The case for gender diversity in India’s VC industry

India’s venture capital industry follows Silicon Valley in the tradition of being a boys’ club


Sequoia Capital made headlines on 21 October when it hired its first female investing partner in the US in its 44-year history—Jess Lee, co-founder and CEO of Polyvore, a fashion e-commerce company acquired by Yahoo last year.
Sequoia Capital made headlines on 21 October when it hired its first female investing partner in the US in its 44-year history—Jess Lee, co-founder and CEO of Polyvore, a fashion e-commerce company acquired by Yahoo last year.

Sequoia Capital, the storied Silicon Valley venture capital firm, made headlines of a different kind on 21 October when it hired its first female investing partner in the US in its 44-year history. Jess Lee, co-founder and CEO of Polyvore, a fashion e-commerce company acquired by Yahoo last year, starts work at the venture capital firm early next month, Bloomberg reported. Lee’s induction is a small but important step towards promoting gender diversity at the highest levels not just at Sequoia but in Silicon Valley’s powerful venture capital industry.

Gender diversity or the glaring lack of it in the Valley’s venture capital industry has been the subject of intense public debate and discussion for the past few years. A study published by Fortune magazine using PitchBook data in April this year found that less than 6% of decision-makers at US venture capital firms are women. Sequoia and Kleiner Perkins Caulfield & Byers (KPCB), two of the Valley’s most respected venture capital firms, have been at the centre of the debate. KPCB more so on account of a three-year gender discrimination lawsuit brought against it by former partner Ellen Pao. She lost the lawsuit in March last year. Sequoia drew considerable flak in December last year when chairman Mike Moritz said in an interview with Bloomberg TV that the firm was keen to hire female partners but wasn’t prepared to “lower standards” in that quest.

The lack of gender diversity in the venture capital business isn’t a problem that’s restricted to the Valley. India’s venture capital industry also follows in the tradition of being a boys’ club. This isn’t surprising given that much of the industry in India is largely an extension of the one in the Valley.

Out of the 15-odd most well-known venture capital firms in this market, five—Sequoia Capital India, Accel Partners India, Matrix Partners India, Lightspeed Venture Partners and Mayfield India—are local franchises of Silicon Valley firms, investing in the country through India-dedicated funds. Two—Norwest Venture Partners and Bessemer Venture Partners—are local arms of Valley firms that prefer to invest in India from a global corpus. Out of the seven home-grown firms on that list, only one, Bengaluru-based Kalaari Capital, has a female partner, Vani Kola, who also happens to be one of the founders of the firm.

Incidentally, Sequoia in India scores better on gender diversity than in the US. While the firm’s 15-member India investment team is dominated by male partners, it includes two women—Sakshi Chopra and Anjana Sasidharan—lower down the hierarchy. But India pales in comparison to Sequoia in China. The firm’s 17-member management team in China includes three female partners and two female managing directors, according to its website. The website doesn’t offer a break-up of the investment team within the management team.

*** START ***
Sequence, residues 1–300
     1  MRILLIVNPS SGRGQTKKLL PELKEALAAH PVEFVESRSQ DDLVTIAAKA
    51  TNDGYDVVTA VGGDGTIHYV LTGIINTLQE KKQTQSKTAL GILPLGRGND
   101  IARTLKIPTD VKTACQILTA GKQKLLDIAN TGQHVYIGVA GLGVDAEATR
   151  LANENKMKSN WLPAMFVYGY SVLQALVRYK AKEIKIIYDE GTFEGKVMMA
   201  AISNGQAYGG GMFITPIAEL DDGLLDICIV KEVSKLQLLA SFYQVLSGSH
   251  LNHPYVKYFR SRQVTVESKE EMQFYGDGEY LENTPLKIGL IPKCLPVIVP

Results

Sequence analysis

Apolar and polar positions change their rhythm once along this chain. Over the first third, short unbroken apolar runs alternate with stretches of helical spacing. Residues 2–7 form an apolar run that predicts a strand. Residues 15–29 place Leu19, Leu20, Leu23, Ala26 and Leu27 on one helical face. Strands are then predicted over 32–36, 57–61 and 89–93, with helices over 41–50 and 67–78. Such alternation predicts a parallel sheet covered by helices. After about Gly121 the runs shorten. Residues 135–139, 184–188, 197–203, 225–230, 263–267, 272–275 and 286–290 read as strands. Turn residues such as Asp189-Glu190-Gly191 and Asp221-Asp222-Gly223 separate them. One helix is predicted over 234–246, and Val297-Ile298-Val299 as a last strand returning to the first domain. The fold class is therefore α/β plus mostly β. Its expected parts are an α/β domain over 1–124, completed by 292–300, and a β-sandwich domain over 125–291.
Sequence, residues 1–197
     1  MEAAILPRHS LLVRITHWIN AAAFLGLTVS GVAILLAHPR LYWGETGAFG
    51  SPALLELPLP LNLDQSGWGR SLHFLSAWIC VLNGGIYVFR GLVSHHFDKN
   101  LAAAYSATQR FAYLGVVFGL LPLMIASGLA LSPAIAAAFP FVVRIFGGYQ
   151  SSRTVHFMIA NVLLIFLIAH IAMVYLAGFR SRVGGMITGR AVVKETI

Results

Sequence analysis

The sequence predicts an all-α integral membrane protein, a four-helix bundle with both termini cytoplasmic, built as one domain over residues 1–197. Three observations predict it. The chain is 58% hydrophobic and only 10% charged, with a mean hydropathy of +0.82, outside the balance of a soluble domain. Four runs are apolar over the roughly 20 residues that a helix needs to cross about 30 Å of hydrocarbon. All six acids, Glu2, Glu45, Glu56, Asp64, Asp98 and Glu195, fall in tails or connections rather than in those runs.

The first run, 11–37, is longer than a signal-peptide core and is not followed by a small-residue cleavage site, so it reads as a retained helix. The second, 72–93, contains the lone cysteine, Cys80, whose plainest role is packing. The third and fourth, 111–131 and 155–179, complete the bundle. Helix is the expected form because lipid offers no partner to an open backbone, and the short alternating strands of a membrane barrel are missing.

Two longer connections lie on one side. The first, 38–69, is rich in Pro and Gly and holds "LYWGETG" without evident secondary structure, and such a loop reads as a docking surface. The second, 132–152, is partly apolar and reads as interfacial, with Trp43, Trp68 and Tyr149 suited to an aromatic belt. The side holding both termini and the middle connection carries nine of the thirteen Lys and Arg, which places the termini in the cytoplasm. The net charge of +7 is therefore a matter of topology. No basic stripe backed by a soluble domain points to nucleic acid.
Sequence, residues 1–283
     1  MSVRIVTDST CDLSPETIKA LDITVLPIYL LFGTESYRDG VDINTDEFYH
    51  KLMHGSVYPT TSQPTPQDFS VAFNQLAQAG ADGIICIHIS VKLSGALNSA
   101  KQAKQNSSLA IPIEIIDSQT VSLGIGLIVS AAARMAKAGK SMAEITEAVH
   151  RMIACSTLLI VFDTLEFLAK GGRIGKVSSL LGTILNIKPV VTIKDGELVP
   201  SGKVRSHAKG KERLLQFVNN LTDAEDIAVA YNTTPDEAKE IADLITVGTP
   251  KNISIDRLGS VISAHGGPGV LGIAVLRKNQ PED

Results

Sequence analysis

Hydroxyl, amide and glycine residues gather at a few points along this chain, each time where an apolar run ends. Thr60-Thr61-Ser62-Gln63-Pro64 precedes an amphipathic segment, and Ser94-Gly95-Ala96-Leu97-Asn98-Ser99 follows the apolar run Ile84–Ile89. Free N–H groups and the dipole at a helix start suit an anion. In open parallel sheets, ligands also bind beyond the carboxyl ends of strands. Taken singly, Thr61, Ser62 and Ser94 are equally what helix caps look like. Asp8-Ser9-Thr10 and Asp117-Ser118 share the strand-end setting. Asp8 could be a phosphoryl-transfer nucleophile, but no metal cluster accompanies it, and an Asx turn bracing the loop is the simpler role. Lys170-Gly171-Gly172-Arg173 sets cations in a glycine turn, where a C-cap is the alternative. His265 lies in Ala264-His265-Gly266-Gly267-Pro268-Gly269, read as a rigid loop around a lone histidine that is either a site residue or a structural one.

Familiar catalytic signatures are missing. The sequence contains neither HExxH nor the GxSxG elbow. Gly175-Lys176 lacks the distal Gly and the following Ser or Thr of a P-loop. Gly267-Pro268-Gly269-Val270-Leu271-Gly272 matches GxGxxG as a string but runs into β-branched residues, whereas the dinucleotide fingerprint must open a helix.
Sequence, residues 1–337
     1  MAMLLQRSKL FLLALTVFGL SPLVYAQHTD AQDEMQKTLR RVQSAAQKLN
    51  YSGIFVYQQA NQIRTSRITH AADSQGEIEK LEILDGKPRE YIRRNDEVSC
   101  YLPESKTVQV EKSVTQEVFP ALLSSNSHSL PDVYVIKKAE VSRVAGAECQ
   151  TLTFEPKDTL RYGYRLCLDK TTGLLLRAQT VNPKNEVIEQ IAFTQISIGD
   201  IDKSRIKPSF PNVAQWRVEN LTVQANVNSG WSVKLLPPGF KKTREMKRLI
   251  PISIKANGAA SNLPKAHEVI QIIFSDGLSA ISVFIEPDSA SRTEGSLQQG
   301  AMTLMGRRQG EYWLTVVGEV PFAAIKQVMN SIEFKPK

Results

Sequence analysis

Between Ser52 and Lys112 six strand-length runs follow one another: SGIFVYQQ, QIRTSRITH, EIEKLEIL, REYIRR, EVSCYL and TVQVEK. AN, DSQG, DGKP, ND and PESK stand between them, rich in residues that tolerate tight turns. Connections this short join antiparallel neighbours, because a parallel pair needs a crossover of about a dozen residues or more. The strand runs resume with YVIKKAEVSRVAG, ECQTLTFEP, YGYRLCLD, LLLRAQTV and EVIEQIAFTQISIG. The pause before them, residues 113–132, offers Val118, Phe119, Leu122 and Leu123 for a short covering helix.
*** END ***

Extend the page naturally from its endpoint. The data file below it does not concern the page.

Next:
What’s more interesting about India’s venture capital industry is that its lack of gender diversity is somewhat at odds with the overall financial sector here. The country’s banking sector, in particular, for instance, has several women who have successfully and consistently broken the glass ceiling to command top jobs. This is true for both public sector and private sector banks. It may be argued that compared to the banking sector, the venture capital industry has been around in India for just over 10 years and the skewed gender dynamics will correct themselves over time.

While there may be some merit to that argument, it is quite easy to throw it out of the window. Here’s why.

The business of venture capital, by the industry’s own definition, is about investing in the future. Disrupting the old, the incumbent, to make way for the new. It aligns itself with progress and innovation of thought. That’s why it takes on the immense and admirable risk of backing businesses at a stage where there’s often not much more than an idea on a piece of paper on the mere promise of disruptive innovation in the far future. Silicon Valley’s celebrated venture capital industry, financier of some of today’s most disruptive and innovative technology businesses such as Google and Apple, has demonstrated that the principles it invests by aren’t necessarily the ones it lives by inside its corridors.

India, according to a study by software industry lobby Nasscom and consulting firm Zinnov, is now the world’s third largest hub for technology start-ups. At an estimated 4,900 start-ups by the close of the year, the country is still far behind the US, which has more than 50,000 technology start-ups, according to the study. However, the number of new start-ups born every year in India is growing at the rate of 8-10%. A factor that the study doesn’t mention is that there is a growing number of female founders at such technology start-ups.

Given the opportunities that lie ahead, the venture capital industry in India still has significant headroom for growth. There is no reason the ongoing start-up wave cannot be more inclusive for women. Importantly, local venture capitalists have a unique opportunity to take the lead and differentiate themselves from their peers in the Valley on gender diversity. In the end, everybody wins.

Snigdha Sengupta is a consulting writer with Mint. She contributes stories on venture capital and private equity.

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